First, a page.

This unique NCA has many opportunities for hiking, caving, horseback riding, mountain biking, camping, visiting cultural and historic sites, picnicking, hunting, wildlife viewing, nature study, and photography. There is drinking water and toilets at the Rob Jaggers Camping Area and at the Cave Campgrounds.
(Hiking, Biking, Horseback Riding) Fort Stanton NCA has 73 miles of sustainable horseback, mountain biking, and hiking trails that wind through open meadows and canyons. Trails are marked with flexible fiberglass markers with the trail name or an arrow attached to the marker. Cross-country horse and foot travel is allowed. Mountain bikes are strongly encouraged to stay on established trails to protect the rider as well as the landscape. The trails offer great views of the surrounding Sacramento and Capitan Mountains. The majority of the trails start at the Rob Jaggers Camping Area on NM 220 where you will find hitching rails, water for your animals, and a vault toilet.
Rio Bonito Petroglyph National Recreation Trail
Hike the Petroglyph Trail along the Rio Bonito and glimpse into the past. At the midpoint of the Trail, in the river bed, is Petroglyph Rock. Etched on this rock are depictions of an ancient people known as the Jornada Mogollon who have long since left the area. Very little evidence has stood the test of time, but here on the Petroglyph Trail remains a link to the culture and lifestyle of these ancient people.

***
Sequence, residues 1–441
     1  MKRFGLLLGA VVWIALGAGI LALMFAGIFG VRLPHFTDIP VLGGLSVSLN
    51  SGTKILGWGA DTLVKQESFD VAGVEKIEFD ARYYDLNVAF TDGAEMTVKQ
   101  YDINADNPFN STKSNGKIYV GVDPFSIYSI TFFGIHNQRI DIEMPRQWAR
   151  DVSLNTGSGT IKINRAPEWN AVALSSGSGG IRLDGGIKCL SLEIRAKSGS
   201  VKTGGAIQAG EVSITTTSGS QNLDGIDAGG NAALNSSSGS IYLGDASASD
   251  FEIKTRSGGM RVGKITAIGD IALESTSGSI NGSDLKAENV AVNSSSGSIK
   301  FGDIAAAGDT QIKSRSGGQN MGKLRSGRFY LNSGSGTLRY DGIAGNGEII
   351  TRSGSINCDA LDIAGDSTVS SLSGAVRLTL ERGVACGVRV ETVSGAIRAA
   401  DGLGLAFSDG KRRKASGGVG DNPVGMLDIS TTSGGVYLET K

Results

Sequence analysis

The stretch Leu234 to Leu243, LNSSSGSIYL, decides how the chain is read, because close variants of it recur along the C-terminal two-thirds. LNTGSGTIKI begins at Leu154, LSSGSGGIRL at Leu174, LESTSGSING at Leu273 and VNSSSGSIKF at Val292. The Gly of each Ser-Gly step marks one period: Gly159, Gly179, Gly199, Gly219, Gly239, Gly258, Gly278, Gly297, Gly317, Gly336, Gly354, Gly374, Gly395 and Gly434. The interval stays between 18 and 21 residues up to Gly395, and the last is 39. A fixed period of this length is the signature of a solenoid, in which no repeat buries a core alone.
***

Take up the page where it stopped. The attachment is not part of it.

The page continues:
The Trail can be reached from NM 220, west of the Sierra Blanca Regional Airport. Follow the highway signs stating “Upper Rio Bonito” to the bottom of the hill and turn right for approximately 250ft then take the next left until you reach the trailhead (high-clearance vehicles are recommended). Petroglyph Rock is a short 450 ft walk from the parking area. The loop trail is approximately 2.1 miles in total length and is easy-to-moderate hiking with a few hills and areas with loose footing. Plan to spend approximately one hour on the Trail.
Historic Fort Stanton is one of very few intact frontier forts in the West. Many of the original Fort buildings still stand. From 1855 to 1896, the Fort played host to some of the most colorful units and personalities of the West, including the 9th Cavalry, and the 24th, 57th, and 125th Infantry Buffalo Soldiers, Billy the Kid, Lew Wallace, Colonel Kit Carson, and General “Black Jack” Pershing. The post was also a Merchant Marine hospital & tuberculosis sanatorium, and World War II prisoner of war camp. In 1953, the Fort and 1,320 surrounding acres were transferred from Federal to State ownership, becoming a state hospital and training school until 1955. Today, the Fort area is active with other State activities and the Fort Stanton Museum is open on a daily basis (http://fortstanton.org/).
Fort Stanton Cave
With over 40 miles of mapped passages, the Cave is normally open for recreational caving under permit from April 15 to November 1. However, due to the threat of White Nose Syndrome (WNS), which has killed 8 million bats in the eastern and southern states, and has been identified nearby in Texas, the Cave has been placed in a recreational caving moratorium pending research and monitoring of the unwanted arrival of WNS.